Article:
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The W - Current Events & Politics - Ontario provincial election
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Big Bad
Scrapple








Since: 4.1.02
From: Dorchester, Ontario

Since last post: 1 day
Last activity: 13 hours
#1 Posted on | Instant Rating: 5.54
At the moment, it looks like this race could be Dalton McGinty (Liberal)'s race to lose. After putting up with eight years the PC party's "common sense revolution," I can only say THANK GOD.



"When this bogus term alternative rock was being thrown at every '70s retro rehash folk group, we were challenging people to new sonic ideas. If some little snotty anarchist with an Apple Mac and an attitude thinks he invented dance music and the big rock group is coming into his territory, [that's] ridiculous." - Bono, 1997
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Mr. Heat Miser
Blutwurst








Since: 27.1.02

Since last post: 2543 days
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#2 Posted on | Instant Rating: 3.90
I'll be SO exceedingly happy if the Harris/Eaves crew are turfed, but geez-louise, don't the Liberals have anyone less vapid then McGuinty? He's better than a few years ago, but still...if anyone can lose to the Tories, I think it's him.

It frightens me when the NDP seem to have the best leader.



-MHM, winner of the 2000 Throwdown in Christmastown.
BigVitoMark
Lap cheong








Since: 10.8.02
From: Queen's University, Canada

Since last post: 3376 days
Last activity: 3285 days
ICQ:  
#3 Posted on | Instant Rating: 3.93
I'm voting PC as the best option of a bad lot. I don't like how Eves has strayed from Mike Harris' hardline 'get things done' attitude and taken to governing to the polls. His handling of the hydro situation still boggles my mind.

Until the Liberals explain how closing private MRI clinics helps health care, allowing teachers to strike and discouraging use of private schools helps the education system and how "tax cut rollbacks" (but not tax increases, of course) will help create jobs, I don't see how you can vote for McGuinty.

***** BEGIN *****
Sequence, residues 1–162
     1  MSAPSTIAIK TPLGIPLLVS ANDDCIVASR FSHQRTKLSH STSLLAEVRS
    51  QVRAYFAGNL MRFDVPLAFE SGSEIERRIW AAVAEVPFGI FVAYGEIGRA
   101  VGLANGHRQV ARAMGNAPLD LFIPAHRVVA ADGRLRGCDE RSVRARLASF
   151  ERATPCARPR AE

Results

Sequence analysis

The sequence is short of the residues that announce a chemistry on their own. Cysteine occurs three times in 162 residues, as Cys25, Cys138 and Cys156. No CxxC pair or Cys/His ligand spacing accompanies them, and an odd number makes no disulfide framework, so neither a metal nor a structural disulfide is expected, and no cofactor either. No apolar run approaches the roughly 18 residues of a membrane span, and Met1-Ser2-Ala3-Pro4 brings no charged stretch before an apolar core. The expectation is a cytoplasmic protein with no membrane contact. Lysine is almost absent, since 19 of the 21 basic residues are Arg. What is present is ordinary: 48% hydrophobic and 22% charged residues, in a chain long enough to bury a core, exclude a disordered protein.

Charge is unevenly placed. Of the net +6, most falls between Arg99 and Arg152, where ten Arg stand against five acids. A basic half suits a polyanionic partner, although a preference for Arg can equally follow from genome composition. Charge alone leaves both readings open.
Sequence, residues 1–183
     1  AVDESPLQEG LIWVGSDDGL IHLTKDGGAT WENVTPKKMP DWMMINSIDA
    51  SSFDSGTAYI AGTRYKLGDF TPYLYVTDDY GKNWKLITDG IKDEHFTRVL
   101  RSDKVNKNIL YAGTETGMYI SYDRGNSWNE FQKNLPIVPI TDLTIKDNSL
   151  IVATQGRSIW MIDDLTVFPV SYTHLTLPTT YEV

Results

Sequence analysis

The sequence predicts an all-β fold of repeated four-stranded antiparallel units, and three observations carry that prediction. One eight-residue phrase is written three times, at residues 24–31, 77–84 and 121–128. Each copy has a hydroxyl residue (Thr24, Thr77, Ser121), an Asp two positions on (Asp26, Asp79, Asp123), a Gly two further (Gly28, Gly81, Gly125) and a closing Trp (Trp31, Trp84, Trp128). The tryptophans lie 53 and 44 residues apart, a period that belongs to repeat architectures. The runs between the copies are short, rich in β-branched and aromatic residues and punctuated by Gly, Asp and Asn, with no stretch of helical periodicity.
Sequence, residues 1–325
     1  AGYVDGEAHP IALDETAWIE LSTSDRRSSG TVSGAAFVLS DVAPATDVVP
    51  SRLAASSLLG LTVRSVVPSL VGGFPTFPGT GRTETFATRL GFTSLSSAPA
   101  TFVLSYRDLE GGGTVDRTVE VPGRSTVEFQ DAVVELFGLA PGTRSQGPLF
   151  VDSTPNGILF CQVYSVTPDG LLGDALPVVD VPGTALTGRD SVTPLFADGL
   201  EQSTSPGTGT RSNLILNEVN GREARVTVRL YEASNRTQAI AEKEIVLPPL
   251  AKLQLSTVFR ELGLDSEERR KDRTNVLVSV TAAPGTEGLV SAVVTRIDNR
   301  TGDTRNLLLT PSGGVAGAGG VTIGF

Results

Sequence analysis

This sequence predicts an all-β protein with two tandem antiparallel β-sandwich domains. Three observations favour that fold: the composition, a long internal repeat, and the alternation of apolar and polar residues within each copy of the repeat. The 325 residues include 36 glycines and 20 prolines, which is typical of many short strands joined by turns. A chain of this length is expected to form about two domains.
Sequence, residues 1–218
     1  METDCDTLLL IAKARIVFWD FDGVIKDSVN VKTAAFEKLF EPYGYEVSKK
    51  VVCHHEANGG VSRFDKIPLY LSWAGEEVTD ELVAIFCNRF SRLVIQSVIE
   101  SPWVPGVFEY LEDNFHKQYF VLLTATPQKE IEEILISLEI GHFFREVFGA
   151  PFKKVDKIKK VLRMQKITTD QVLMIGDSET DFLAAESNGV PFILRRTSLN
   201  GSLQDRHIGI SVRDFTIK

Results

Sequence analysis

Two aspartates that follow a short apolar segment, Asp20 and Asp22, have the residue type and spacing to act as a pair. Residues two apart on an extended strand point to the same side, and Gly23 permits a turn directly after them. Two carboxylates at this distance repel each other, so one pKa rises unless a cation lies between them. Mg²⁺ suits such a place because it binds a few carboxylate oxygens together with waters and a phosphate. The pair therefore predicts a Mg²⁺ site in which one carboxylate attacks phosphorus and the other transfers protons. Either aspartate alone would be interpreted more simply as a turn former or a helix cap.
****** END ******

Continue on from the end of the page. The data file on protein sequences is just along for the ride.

Big Bad
Scrapple








Since: 4.1.02
From: Dorchester, Ontario

Since last post: 1 day
Last activity: 13 hours
#4 Posted on | Instant Rating: 5.54

    Until the Liberals explain how closing private MRI clinics helps health care, allowing teachers to strike and discouraging use of private schools helps the education system and how "tax cut rollbacks" (but not tax increases, of course) will help create jobs, I don't see how you can vote for McGuinty.


Closing MRI clinics is worse for health care than the Tories firing nurses by the truckload and closing hospitals?

The teachers should be allowed to strike, since that should be just about everyone's right. Of course, the logical solution would be for the province to stop dicking them around so they'd have no reason/need to strike, but then again my folks are both teachers and thus I'm biased.

Discouraging use of private schools....well, I agree with you there. If you have the money to send you kid there, more power to you.

I've given up trying to figure out how tax cuts or increases help the economy, since there is apparently no rhyme nor reason to it....some tax cuts give the economy a boost, others just drive it deeper into debt. Vice versa with the tax increases.

Overall, I'm definitely voting for McGuinty, despite his semi-Al Goreish persona. I'd rather have a guy in office that promises a lot of good things and does nothing (a Liberal) than someone that promises a lot of idiotic things and then does them (the PC).